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View Full Version : So, What does a Draft Pick Get Ya? (Sidebar # 2 - Ping Pong Balls)



count55
05-19-2009, 12:24 PM
A few factoids on the lottery:

This, you pretty much already know, but here are the odds by team and draft position for tonight's lottery:

Exhibit: Odds by Draft Position
http://img134.imageshack.us/img134/7994/09odds.png (http://img134.imageshack.us/my.php?image=09odds.png)

The History - The first lottery was held in 1985 among the 7 teams that did not make the playoffs. Each team had one chance in 7 of being the #1 pick, and the winner of that first lottery was, famously, the New York Knicks, who selected Patrick Ewing. All 7 positions were drawn for ranking.

The same procedure was followed in 1986, but some complaints arose about inequities. In 1985, Indiana and Golden State had finished tied for the worst record in the league. The Pacers picked 2nd, but Golden State picked 7th. In 1986, the Knicks posted the league's worst record but did not pick until 5th.

In 1987, the league changed to picking only the top three, thus guaranteeing for the first time that the team with the worst record would pick no worse than 4th. However, each team still had an equal chance at the top three. The team with the worst record still finished out of the money in two of the three years under this system.

In 1990, the league began weighting the chances of teams (while still picking only the top three), with the worst record of the then-11 lottery teams getting 11 lottery balls and the best record getting just one. Therefore, the team with the worst record had a one in six chance, while the team with the best record had a 1 in 66 chance.

This lasted until 1993, when Orlando scored their second straight #1 pick despite having only one ping pong ball in the hopper. Eyebrows were raised as the league's newest superstar, Shaquille O'Neal, was the beneficiary of a lottery day miracle. The following year, the league moved to the current system using 1000 combinations. The worst record now has a 1 in 4 chance of picking #1, while the best record's chances have dropped to 1 in 200.

The Results - There have been 15 lotteries conducted under more or less the current system (with expansion increasing the number of teams in 1995 and 2005).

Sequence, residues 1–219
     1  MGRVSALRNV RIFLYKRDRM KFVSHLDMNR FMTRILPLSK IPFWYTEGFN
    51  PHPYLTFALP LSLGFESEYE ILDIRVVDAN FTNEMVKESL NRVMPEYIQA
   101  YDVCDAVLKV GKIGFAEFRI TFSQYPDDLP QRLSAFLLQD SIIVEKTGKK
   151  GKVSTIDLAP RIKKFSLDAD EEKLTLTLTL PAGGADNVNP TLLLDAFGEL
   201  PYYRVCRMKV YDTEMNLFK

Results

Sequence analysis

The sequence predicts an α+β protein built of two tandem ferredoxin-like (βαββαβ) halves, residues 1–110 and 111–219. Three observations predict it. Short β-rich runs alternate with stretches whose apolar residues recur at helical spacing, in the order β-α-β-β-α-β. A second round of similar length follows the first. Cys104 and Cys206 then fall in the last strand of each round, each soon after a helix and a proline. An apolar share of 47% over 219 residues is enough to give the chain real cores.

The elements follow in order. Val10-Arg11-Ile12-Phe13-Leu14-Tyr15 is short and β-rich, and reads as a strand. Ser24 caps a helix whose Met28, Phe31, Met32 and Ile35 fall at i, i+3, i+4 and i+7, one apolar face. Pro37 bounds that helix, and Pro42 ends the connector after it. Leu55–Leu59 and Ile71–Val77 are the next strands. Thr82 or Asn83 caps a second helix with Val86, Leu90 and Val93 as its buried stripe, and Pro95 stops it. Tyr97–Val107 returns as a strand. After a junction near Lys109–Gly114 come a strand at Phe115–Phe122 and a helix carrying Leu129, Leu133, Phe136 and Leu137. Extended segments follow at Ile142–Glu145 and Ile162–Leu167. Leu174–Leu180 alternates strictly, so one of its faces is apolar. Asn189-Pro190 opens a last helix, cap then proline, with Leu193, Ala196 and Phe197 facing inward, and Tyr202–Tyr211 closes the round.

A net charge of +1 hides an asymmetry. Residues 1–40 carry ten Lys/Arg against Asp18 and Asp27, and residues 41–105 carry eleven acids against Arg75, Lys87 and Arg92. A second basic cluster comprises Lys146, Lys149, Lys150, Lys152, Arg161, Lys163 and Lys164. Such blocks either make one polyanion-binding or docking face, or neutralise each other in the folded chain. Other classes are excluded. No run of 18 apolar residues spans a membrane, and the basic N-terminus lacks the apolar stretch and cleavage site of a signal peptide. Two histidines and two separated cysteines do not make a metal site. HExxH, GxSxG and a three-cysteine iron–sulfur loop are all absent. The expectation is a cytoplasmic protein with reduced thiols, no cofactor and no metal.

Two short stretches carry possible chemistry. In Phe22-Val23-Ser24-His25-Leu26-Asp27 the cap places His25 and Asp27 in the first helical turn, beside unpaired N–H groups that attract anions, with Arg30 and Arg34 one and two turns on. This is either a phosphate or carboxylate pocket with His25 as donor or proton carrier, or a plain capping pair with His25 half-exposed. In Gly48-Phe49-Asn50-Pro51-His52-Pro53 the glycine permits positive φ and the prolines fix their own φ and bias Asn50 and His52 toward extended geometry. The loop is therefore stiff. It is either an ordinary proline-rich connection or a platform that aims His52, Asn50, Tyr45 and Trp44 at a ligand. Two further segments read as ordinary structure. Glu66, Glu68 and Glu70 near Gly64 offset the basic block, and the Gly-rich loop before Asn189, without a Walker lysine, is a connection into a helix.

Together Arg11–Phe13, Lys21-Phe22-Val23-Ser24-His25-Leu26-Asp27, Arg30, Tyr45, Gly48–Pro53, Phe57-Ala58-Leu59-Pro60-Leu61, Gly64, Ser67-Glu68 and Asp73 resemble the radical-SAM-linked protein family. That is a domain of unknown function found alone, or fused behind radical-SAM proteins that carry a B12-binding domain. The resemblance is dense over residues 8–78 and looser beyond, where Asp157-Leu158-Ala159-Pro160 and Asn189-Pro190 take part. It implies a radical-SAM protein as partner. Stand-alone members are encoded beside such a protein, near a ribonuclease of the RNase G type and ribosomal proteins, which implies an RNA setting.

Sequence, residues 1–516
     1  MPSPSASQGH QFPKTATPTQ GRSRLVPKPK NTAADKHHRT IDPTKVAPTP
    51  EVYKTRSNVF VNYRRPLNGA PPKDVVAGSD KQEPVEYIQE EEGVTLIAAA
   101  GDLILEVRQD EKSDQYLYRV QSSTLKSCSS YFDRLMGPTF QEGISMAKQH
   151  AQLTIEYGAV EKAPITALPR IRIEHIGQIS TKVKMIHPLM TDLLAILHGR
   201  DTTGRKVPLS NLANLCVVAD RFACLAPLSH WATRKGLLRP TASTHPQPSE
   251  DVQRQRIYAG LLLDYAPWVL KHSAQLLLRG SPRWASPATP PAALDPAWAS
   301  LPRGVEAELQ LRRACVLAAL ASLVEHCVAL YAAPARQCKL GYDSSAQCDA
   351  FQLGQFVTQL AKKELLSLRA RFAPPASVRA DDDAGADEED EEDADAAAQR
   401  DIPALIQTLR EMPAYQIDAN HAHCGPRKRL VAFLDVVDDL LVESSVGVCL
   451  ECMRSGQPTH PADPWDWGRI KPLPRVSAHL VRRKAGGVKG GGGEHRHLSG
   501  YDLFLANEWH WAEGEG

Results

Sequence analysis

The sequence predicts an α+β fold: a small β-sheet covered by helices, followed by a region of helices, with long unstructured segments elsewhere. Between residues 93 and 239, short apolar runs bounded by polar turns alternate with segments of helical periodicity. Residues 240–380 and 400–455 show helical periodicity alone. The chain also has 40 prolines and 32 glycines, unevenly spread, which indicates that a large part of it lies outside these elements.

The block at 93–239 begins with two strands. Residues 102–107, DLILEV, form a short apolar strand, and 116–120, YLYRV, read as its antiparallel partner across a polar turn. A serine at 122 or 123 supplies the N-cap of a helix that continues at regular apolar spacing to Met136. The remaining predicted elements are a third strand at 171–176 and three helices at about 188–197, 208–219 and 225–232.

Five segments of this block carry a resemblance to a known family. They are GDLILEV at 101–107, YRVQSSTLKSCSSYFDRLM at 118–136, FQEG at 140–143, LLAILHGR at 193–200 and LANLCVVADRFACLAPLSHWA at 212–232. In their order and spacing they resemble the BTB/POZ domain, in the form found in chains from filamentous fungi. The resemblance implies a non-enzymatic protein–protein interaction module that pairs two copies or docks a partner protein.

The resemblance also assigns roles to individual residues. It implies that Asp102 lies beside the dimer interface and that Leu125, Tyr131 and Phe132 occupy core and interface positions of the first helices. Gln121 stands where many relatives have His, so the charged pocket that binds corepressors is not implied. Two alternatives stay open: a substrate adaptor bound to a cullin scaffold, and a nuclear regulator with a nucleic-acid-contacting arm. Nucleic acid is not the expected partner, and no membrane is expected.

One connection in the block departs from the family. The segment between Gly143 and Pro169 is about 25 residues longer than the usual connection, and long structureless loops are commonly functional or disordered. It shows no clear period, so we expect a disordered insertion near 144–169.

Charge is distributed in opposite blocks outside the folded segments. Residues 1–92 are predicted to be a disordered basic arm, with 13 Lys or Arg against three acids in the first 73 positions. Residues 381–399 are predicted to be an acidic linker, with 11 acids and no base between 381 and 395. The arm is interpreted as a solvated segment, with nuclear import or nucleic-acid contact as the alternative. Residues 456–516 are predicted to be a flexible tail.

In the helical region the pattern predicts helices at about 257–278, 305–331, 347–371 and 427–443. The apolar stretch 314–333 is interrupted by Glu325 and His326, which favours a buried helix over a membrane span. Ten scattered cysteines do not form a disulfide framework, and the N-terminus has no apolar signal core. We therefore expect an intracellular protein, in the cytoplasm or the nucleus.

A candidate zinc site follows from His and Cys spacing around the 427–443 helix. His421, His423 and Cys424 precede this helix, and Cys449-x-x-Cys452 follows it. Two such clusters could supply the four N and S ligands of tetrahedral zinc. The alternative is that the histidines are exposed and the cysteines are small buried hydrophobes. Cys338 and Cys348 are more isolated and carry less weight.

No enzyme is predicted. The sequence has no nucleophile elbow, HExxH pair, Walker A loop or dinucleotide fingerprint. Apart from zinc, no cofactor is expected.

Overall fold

The number one pick has gone to the worst record only twice during that time: 2003 (James to Cleveland) and 2004 (Howard to Orlando). Including those two teams, it has gone to "bottom three" teams eight times, or about 53% of the time. The team with the longest odds to win it was Chicago last year, who had a 1 in 59 shot (still better odds than the Orlando win in 1993). Prior to that, New Jersey's 2000 win was the longest shot at about 1 in 23.

The "bottom three" have ended up with the top three picks (in any order) only once, in 1996. The 2007 draft was the only draft in which none of the "bottom three" were drawn for the top three picks.

The Pacers have been in the lottery three times under this system: 1997, 2007, and 2008. There name was not drawn on any of those occasions. They used the 12th pick in 1997 to select Austin Croshere. The 11th pick in 2007 was used by Atlanta, who selected Acie Law, to complete the Al Harrington trade. The 11th pick in 2008 was used to select Jerryd Bayless, who was then traded along with Ike Diogu to Portland for Brandon Rush (the #13 pick), Jarrett Jack, and Josh McRoberts.

The Odds (and Ends)

If your team has the worst record, they are most likely to pick 4th. (While the team with the worst record has the best odds at getting #1, it is only a 25% chance, while the chances of them picking 4th (worst case scenario) is actually 36%.

It does not become more likely than not that your record rank will be the same as your draft position until 7th, when it is a 60% chance that the 7th worst record will pick 7th. This is also the rank where it becomes your most likely draft position.

It is more likely that you will draft worse than your position than better up until the 12th pick. Good news for the Pacers because it is more likely that they will pick in the top three (1 in 45) than 14th (1 in 55). (However, they still have a 24 in 25 chance of picking 13th.)

The odds of the bottom three records getting the top three picks, in any order, are about 1 in 6, while the odds of none of them getting the top three are about 1 in 570.